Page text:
Of note, in our series, the age of onset of symptoms (Fig. 1) for both the hepatic and neurologic groups was earlier than has been reported in other western series(4-7). The apparently early age of onset in our patient series could be partly attributed to the fact that ours is a pediatric unit and therefore skewed towards seeing younger patients. However, in other series of Wilsonís Disease from India(8-10), the age of onset was also lower. Thus, it is possible that the disease manifests at a younger age in Indian children. The average intake of copper in India ranges from 5.7-7.1 mg/day and is higher than the reported 0.34-1.1 mg/day in Western countries(11). The practice of cooking food in copper/copper alloy pots might be contributory(9-10). An analogous situation was reported by one of the authors for Indian Childhood Cirrhosis, a condition with heavy hepatic copper deposits(12).
A history of a self resolving hepatitis was obtained from one third of our patients. In developing countries where viral hepatitis is endemic, it can often be difficult to distinguish viral from other metabolic causes of hepatitis. Hence, the index of suspicion needs to be high and the need to screen for Wilsonís disease should be considered in any case of atypical hepatitis.
The need for family screening cannot be over emphasized. Almost one fourth of the patients in the present series were identified by family screening of index patients. A family history of jaundice/cirrhosis in a child with unexplained jaundice or neurological symptoms or coexistence of either in different sibs should make one strongly consider the diagnosis of WD. A slit lamp examination for the presence of KF rings appears a cost effective method to screen for Wilsonís disease. However, it should be kept in mind that false negative results have been described when using KF rings as a diagnostic index(13,14) and thus in any patient in whom clinical suspicion for Wilson disease is high, a 24 hour urine copper estimation should be done.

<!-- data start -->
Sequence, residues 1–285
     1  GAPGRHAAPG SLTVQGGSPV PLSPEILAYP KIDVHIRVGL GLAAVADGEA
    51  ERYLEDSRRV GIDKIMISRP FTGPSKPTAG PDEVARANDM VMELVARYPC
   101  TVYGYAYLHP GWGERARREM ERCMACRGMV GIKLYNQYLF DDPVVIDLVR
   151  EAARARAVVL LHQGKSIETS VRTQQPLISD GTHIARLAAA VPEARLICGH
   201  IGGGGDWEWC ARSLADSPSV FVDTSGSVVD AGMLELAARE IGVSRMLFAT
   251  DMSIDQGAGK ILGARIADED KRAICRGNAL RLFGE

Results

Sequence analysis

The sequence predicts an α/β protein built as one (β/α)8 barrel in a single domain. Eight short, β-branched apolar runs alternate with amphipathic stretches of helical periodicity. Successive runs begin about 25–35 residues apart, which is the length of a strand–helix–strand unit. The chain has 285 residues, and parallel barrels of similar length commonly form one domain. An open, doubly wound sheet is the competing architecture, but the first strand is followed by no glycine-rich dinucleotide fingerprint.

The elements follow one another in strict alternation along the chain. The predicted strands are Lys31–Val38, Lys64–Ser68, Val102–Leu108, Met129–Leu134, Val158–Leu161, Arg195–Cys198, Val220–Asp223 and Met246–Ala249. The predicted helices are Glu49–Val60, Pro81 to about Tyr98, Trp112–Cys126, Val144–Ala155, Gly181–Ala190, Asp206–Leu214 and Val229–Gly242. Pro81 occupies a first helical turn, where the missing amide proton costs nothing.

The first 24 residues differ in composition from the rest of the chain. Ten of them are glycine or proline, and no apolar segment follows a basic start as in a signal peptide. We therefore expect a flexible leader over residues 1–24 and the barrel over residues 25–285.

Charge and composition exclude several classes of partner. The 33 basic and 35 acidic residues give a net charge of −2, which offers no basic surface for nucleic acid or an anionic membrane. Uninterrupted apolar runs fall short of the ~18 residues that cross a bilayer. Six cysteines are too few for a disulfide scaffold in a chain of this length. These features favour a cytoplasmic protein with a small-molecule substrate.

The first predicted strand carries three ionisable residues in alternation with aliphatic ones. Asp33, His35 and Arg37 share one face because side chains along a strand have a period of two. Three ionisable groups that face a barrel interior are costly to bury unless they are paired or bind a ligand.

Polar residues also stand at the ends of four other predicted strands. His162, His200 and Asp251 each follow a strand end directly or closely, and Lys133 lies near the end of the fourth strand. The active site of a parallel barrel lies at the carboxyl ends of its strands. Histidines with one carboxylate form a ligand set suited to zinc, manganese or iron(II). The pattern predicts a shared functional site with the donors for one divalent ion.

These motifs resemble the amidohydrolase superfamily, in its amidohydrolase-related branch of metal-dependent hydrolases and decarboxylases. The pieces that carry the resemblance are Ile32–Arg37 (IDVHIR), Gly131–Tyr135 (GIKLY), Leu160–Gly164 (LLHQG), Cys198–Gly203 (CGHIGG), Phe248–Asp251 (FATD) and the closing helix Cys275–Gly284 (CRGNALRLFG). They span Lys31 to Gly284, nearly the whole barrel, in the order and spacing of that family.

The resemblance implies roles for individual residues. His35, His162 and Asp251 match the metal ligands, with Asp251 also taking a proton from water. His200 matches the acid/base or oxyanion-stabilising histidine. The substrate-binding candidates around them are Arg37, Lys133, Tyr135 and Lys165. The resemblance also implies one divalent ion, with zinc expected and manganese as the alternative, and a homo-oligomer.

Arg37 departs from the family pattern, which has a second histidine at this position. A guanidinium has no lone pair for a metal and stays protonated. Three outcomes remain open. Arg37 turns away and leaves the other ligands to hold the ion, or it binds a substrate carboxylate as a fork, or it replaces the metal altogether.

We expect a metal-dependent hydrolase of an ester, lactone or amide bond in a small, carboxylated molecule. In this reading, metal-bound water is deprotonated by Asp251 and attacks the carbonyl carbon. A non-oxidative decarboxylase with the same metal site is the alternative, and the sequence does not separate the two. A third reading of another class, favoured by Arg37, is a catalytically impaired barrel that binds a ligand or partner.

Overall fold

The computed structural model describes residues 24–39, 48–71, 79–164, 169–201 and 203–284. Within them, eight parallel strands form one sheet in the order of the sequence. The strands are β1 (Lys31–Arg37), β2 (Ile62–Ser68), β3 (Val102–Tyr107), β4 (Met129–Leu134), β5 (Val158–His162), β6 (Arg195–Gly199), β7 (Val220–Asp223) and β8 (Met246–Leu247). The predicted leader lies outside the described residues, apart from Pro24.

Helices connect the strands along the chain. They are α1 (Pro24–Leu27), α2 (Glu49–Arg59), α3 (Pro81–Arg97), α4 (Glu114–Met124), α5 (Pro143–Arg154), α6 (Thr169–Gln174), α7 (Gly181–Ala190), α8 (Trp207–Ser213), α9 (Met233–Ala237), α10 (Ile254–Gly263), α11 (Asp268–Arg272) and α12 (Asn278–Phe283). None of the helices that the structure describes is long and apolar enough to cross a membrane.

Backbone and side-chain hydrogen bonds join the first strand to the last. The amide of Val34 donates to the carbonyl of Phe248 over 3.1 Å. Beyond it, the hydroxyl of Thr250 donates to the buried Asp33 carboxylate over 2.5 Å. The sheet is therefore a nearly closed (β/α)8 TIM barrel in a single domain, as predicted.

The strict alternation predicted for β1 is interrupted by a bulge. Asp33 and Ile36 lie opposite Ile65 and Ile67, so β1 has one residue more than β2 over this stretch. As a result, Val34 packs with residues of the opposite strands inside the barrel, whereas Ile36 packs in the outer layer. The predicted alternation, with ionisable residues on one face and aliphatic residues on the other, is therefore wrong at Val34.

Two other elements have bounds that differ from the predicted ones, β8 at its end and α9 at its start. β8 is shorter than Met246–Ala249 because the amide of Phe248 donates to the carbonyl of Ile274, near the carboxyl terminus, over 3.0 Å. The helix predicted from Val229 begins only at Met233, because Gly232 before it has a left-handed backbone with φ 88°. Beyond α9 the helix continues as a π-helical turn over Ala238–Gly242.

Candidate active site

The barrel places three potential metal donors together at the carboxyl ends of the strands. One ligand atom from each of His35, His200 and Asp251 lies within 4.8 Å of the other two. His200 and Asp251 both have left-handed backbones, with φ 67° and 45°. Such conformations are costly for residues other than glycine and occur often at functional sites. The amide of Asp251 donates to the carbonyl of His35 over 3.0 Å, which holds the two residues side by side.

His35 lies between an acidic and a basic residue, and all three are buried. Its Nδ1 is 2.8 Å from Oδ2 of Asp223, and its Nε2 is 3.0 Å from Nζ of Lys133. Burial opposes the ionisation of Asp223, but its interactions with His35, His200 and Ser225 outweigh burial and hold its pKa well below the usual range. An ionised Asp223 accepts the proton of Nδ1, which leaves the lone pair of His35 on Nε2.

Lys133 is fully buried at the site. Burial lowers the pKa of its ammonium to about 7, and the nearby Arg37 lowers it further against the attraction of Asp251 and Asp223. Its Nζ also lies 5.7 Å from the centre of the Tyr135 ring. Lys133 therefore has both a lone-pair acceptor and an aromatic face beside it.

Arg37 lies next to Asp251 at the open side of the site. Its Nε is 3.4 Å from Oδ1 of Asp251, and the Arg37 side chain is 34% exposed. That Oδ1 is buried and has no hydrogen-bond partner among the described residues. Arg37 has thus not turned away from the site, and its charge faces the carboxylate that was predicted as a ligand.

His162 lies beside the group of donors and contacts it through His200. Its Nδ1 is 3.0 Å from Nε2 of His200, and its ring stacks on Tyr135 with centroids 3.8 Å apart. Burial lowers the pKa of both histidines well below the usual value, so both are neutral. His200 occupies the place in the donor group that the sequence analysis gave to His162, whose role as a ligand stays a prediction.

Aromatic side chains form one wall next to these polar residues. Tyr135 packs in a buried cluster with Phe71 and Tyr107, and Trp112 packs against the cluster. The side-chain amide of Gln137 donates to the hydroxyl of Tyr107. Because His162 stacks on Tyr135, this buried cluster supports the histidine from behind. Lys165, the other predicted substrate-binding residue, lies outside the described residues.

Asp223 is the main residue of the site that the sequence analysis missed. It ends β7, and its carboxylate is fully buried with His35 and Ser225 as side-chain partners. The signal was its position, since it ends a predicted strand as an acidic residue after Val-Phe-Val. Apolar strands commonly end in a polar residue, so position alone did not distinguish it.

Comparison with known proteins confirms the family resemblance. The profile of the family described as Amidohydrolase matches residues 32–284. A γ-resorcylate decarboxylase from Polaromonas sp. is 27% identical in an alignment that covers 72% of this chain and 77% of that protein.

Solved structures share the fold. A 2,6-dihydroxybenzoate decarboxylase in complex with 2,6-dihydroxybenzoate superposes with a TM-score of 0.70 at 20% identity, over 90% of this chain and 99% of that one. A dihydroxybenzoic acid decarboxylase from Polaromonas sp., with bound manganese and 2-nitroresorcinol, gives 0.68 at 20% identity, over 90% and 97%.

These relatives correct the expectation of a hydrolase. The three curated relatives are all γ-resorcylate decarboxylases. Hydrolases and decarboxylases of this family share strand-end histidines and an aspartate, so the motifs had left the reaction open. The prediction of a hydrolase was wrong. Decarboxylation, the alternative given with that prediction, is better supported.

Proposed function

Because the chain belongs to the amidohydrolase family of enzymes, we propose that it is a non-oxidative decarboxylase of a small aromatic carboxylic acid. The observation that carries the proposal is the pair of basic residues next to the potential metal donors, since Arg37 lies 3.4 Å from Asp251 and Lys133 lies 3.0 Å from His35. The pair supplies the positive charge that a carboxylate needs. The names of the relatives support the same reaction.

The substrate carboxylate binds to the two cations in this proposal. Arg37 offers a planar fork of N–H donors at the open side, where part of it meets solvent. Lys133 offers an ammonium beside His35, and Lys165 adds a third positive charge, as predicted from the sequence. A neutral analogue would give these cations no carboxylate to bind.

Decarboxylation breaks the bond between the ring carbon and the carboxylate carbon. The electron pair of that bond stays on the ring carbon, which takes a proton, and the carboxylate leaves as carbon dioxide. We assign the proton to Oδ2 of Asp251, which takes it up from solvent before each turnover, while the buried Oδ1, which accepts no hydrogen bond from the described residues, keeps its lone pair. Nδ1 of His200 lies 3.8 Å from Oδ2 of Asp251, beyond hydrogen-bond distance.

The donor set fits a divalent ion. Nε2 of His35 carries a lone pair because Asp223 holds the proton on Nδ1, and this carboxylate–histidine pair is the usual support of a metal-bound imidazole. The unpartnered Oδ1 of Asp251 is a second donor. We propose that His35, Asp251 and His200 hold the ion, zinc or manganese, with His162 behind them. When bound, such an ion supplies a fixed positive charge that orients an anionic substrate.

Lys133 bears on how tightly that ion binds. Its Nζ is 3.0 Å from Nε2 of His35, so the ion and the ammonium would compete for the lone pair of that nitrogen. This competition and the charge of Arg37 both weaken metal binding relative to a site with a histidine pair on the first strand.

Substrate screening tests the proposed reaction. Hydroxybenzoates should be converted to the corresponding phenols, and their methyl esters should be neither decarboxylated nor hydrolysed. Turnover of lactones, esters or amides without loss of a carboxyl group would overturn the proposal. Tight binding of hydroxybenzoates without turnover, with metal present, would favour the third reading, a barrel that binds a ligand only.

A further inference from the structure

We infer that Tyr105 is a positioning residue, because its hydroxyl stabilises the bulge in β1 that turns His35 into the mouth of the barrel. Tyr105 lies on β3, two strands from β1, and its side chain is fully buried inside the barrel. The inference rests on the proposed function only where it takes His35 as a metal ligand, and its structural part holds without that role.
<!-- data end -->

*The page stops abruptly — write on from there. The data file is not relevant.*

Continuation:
A history of insidious alteration in behavior and school performance, preceding the onset of frank extrapyramidal symptoms was obtained in almost one fourth of our patients. Neuropsychiatric manifestations are well known to occur in Wilson disease(15) and in some instances psychiatric symptoms can be the first manifestation of disease and can obscure the diagnosis(16). Alterations in speech seem to be a sensitive indicator of extra-pyramidal symptomatology in Wilson disease as these were present in all patients with neurologic disease and was often the first symptom noted by parents. In three of our patients, mild dysarthria was the only neuro-logic abnormality noted on examination. Again on follow up examination, residual dysarthria was often the most persisent finding found after resolution of other more florid features such as tremor, dystonia and gait abnormalities. In a series of 136 patients with neurologic Wilsons disease, dysarthria and difficulty with hand movements were described as the earliest symptoms(7). Other neurologic findings in our patients with Wilson disease are similar to those described by other investigators(5,7) and essentially consisted of a wide variety of extrapyramidal symptomatology in the form of dystonia, tremors, hemiballismic movements, rigidity and choreiform movements.
Side effects from penicillamine were less than has been reported in an other series(4). All our patients with Wilsonís disease, those with solely hepatic as well as those with neurologic disease except the patient with hemolytic anemia had KF rings on initial examination which persisted on follow up ophthalmologic examination in all. However, other investi-gators have reported that treatment with copper chelators results in gradual resolution of the rings over 3 to 5 years(17).
It has been suggested that zinc be used for maintenance therapy and for treatment of asymptomatic sibs(18); however, 2 of our asymptomatic patients developed KF rings while on low dose penicillamine and zinc, suggesting that zinc alone may be inadequate as maintenance prophylactic therapy. The persistence of KF rings and dysarthria despite conventional doses of penicillamine and zinc might also imply the need for higher doses in our population in view of the dietary copper overload.
In summary, Wilsonís disease should be strongly considered as a diagnostic possibility in any child with extrapyramidal neurologic symptoms. Alteration in speech, deterioration in school performance and change in behavior may often be the first symptoms noted. A previous history of jaundice, family history of jaundice or cirrhosis in siblings, increases the index of suspicion for WD exponentially. Family screening of index families with slit lamp examination, 24 hour urine copper excre-tion and ceruloplasmin levels cannot be overstressed.